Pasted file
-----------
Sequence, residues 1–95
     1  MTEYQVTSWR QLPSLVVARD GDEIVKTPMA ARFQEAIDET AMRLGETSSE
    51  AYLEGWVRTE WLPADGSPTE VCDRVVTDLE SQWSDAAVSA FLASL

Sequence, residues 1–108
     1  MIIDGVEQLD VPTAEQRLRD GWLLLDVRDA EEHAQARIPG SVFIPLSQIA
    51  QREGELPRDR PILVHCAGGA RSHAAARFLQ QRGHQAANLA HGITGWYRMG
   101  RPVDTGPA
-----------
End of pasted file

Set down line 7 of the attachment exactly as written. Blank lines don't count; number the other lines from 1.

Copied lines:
   101  RPVDTGPA